For me, Claudia’s Chocolate Mousse is the mousse by which all others are judged. It is however, not a health food. It has replaced cakes as the birthday treat in our house. Jan has spent years perfecting the techniques of making mousse, but it took her years before she dared to tinker with mom’s recipe. This weekend is Chris’ birthday dinner, so Jan decided she would create a variation just for him.
We have recently discovered Straus milk products. They are not homogenized and they are pasteurized in the old fashioned way. This long and slow process does not change the flavor of the milk, like the quick industrial processes used on most of the milk products you find in the store. Jan noticed that the higher fat content of Straus milk made this dish come together much more easily than when she used lower quality ingredients. The difference in flavor was also significantly better with Straus milk.
Note: How much you fold the mix is a delicate operation. If you stir or fold the mix too much you will knock the air out of the egg whites and the whipped cream. You will be left with a dense unappealing mass. If you do not fold the mix enough the denser chocolate mixture will partially separate from the whip cream. Instead of a uniform creamy mousse, you will end up with a slightly dense pudding layer and a fluffy creamy layer on top. This separation is not necessarily a bad thing, especially if you are serving the mousse in individual bowls, you get two chocolaty experiences for the price of one, but it is not the true mousse.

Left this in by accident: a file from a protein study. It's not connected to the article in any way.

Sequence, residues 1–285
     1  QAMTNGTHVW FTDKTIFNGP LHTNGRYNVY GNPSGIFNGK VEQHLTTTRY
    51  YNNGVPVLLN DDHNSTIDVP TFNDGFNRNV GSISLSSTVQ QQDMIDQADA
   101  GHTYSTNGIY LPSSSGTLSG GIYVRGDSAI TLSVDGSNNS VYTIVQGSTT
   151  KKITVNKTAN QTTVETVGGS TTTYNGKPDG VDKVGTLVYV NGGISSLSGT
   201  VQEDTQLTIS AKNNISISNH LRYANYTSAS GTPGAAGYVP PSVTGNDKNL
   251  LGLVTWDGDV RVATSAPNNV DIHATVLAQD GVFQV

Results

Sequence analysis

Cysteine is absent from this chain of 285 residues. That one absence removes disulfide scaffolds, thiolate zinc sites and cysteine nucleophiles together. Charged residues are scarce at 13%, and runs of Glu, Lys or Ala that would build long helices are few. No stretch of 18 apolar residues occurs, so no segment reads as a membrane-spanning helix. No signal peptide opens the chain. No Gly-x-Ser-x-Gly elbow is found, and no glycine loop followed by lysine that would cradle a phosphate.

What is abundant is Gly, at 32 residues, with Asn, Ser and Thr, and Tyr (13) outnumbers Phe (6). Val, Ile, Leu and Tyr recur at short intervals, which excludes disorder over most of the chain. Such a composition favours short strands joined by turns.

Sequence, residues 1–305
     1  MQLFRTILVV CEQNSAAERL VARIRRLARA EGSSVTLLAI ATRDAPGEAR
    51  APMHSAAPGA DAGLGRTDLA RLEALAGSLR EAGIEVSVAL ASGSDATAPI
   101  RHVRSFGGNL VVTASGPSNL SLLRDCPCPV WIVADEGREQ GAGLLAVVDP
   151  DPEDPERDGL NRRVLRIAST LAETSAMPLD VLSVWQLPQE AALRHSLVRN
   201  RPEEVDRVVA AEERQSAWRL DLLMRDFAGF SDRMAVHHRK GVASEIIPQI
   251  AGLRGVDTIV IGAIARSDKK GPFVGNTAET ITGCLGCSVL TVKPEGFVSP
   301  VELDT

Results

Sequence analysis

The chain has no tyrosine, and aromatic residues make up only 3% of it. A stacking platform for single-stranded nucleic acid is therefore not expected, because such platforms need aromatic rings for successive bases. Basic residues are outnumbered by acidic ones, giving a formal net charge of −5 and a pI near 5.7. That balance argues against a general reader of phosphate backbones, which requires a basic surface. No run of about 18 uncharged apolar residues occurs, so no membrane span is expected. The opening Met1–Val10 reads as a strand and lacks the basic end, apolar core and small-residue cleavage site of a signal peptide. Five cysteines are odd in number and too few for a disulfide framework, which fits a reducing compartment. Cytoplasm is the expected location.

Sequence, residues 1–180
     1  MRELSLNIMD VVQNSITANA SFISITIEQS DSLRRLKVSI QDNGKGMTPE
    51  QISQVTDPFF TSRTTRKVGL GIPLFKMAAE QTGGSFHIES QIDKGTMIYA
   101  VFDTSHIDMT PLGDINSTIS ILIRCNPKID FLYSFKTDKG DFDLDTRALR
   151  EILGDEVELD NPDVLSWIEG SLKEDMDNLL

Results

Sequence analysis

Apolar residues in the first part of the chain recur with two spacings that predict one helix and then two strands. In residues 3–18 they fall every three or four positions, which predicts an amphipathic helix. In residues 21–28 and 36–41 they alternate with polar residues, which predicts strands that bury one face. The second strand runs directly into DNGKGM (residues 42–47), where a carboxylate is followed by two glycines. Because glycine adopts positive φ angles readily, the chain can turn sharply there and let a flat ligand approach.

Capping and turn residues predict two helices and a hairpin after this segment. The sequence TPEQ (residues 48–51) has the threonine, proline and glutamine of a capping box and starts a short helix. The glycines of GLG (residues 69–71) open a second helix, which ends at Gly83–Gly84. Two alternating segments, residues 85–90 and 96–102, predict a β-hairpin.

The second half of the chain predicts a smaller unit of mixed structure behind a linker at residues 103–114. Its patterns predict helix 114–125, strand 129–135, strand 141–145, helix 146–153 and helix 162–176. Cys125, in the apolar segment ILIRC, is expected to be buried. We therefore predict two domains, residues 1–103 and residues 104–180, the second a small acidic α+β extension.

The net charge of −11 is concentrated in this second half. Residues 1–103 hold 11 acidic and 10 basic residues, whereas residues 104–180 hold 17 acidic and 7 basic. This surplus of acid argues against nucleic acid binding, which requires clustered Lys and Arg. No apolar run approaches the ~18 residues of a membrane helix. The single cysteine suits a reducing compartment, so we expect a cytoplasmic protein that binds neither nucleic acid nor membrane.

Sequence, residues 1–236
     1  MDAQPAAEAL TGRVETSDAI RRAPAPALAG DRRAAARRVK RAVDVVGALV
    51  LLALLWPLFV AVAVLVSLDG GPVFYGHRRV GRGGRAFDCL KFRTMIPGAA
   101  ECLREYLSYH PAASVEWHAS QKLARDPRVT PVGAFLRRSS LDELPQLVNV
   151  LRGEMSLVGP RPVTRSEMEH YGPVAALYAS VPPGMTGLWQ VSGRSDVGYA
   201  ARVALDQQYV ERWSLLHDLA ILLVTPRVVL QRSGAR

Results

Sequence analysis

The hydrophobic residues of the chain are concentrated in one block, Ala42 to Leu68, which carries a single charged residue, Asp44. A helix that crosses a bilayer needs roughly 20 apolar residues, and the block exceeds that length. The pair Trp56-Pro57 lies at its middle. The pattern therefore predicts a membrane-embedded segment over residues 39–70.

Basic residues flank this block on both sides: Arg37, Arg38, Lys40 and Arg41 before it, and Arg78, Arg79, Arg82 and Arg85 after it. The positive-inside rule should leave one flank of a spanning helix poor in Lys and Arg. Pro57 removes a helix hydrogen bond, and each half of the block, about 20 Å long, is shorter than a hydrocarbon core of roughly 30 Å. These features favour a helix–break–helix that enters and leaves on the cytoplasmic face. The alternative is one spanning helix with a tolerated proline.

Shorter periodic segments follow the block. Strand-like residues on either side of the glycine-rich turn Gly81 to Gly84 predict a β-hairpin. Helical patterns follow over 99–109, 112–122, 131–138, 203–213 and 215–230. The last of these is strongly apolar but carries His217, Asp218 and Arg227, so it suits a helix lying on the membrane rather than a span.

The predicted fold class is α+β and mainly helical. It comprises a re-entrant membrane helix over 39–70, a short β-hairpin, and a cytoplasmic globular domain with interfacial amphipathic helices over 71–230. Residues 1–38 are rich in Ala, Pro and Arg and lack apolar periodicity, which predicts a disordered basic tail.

Jan’s Chocolate Mousse, the Chris Variation
2 pkg. unflavored gelatin
1 cup cane sugar, separate uses
¼ tsp. salt
4 eggs, separated
2 cup Straus whole milk
12 oz. good quality dark chocolate bits
1 Tbs. Baileys Irish Cream
1 tsp. vanilla
1 pint Straus whipping cream
1. Mix the gelatin, ½ cup sugar and the salt thoroughly in the top of a double boiler.
Tip: If you do not have a D.B. a metal mixing bowl over a pot of water works fine.
2. Beat together the egg yolks and milk and add them to the gelatin mixture.
3. Add the chocolate bits and cook over the boiling water, stirring constantly, until the chocolate is completely melted and well blended.
4. Remove the chocolate from the heat, stir in the Baileys Irish Cream and vanilla.
5. Chill, in the refrigerator, until the sauce is thickened.
6. In a clean dry bowl, beat the egg whites until stiff.
Tip: Be sure not to get any egg yolk or water in your egg whites or they will not form the meringue properly.
7. Beat the remaining half cup of sugar into the egg whites until you have stiff peaks.
8. Fold the meringue into the chocolate mix.
Tip: Folding is not the same as stirring. To fold you take a spatula and gently scoop the mix from the bottom, bring it up and lay it in the top. Rotate the bowl a quarter turn and repeat until the mix is well blended.
9. Whip the cream in a separate bowl and fold it into the mix.
Tip: You may wash and dry the meringue bowl to limit the number of bowls you use.
Note: You may reserve some of the whipped cream to put on top of the mousse as a garnish.
10. At this point you may spoon the mousse into individual serving cups or into a decorative serving bowl.
Note: We use a clear glass, floral, salad bowl.
11. Set the mousse, covered with plastic wrap, in the refrigerator.
Tip: Do not disturb the mousse once it has started to set.
12. Chill until firm.
13. Serve chilled or at room temperature.
Tip: If you wish you may garnish the mousse with a dollop of whipped cream and a few shavings of dark chocolate, but this is really gilding the lily.